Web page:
“It wasn’t always easy, but Michael said something to me five, six years ago when I was coaching him in travel. I coached him from mites up until second-year pee-wee. And I remember driving home one day, and he kind of was upset about something, and I was his head coach at the travel level, and he said ‘You always point me out in the locker room, and no one else,'” Jamie said. “And something at that time and that moment I really thought about that, and he was right. He’s mine, and I was not afraid to call him out if he did something wrong or did something right, but probably more when he did something wrong. And that kind of was ingrained in my head, that ‘Why should I treat him any differently than anyone else?’ And it’s something that stuck with me, and I think I’ve tried to do a good job doing that, with all the players, and treat them all the same way.” 

Michael also admitted it hasn’t always been easy. 

“I knew he was a good coach (early on). He’s coached me all my life. It’s definitely different as being my dad, because he’s living with me,” Michael said. “I don’t know, it makes it harder to listen sometimes because he’s my dad, but he knows what he’s talking about. And I listen.” 


Jamie has tried to prioritize his coach’s cap when he puts on his hockey gear and Lewiston blue-and-black warmups. 

“I decided a long time ago to coach high school hockey, and to have your son on the team is an added joy. Any father would be lying if they told you differently,” Jamie said. “I’m excited for him. I’m excited as a dad. But more importantly I’m excited about our team and his teammates. This is all about those kids, his teammates, and the fact that I have my son on the team is just an added benefit. But it’s exciting generally, and it’s really about them, and they put in all the work, and I’m really excited that he can participate in that along with his teammates.”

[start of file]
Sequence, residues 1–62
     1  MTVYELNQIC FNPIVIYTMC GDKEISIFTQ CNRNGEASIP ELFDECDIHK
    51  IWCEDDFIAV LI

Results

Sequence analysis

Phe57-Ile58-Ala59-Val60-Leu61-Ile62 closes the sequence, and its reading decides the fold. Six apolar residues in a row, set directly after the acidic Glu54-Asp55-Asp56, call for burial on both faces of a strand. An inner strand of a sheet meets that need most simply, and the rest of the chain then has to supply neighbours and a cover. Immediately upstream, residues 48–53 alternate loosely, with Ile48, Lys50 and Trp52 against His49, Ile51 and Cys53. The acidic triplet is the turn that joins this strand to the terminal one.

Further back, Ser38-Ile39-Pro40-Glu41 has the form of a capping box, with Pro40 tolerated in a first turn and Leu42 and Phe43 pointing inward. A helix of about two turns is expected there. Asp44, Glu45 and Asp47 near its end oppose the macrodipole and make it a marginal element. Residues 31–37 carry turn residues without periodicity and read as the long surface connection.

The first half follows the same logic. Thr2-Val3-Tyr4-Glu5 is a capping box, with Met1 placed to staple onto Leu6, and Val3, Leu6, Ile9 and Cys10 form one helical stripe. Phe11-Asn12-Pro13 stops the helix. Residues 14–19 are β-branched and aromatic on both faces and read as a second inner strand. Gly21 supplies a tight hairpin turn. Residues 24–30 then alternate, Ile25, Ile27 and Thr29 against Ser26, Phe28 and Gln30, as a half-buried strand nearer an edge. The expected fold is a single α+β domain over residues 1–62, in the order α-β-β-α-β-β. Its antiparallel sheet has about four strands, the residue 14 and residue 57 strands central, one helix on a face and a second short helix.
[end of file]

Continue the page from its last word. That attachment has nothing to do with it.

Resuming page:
Michael has done more than just participate this season. As a second-line forward, he finished second on the team in assists, with 15 during the regular season, to go along with three goals. In two playoff games he has a combined four assists. 

Falmouth goalie Sam Kidder makes a save on Lewiston’s Michael Belleau during a game at Androscoggin Bank Colisee in Lewiston in January. Russ Dillingham/Sun Journal Buy this Photo

“I think he sees ice really well. He’s unselfish,” Jamie said. “He’s played with Logan (Tripp) growing up as a kid, and he’s with two kids (including Brock Bergeron) who like to put the puck in the net. You know, you need playmakers as much as you need goal-scorers, and that line’s been able to do that, and they work well and they complement each other.” 

Michael, his line, and the team as a whole will have to play complementary hockey to win Saturday’s state final against Scarborough. A victory wouldn’t be the first for Jamie, but it would be the first with a Belleau on the ice. 


Jamie was a practice player as a sophomore at Lewiston when the Blue Devils won a title, then they lost the state final in overtime his senior year when he finally got to play in one. 

That’s what makes this year’s state championship so special out of all of the ones the family has been a part of. 

“We’re pumped. We always talk about it. When we wake up for school, when we’re cooking breakfast, he’s always talking about it,” Michael said. “It’s definitely talked about a lot. It’s been talked about throughout the season that he wants to win it, but it’s definitely getting talked about now since we’re there. He’s ready to win it with me.” 

“I’m ready to go,” Michael said. “This is my first one, so it’s pretty special to me.”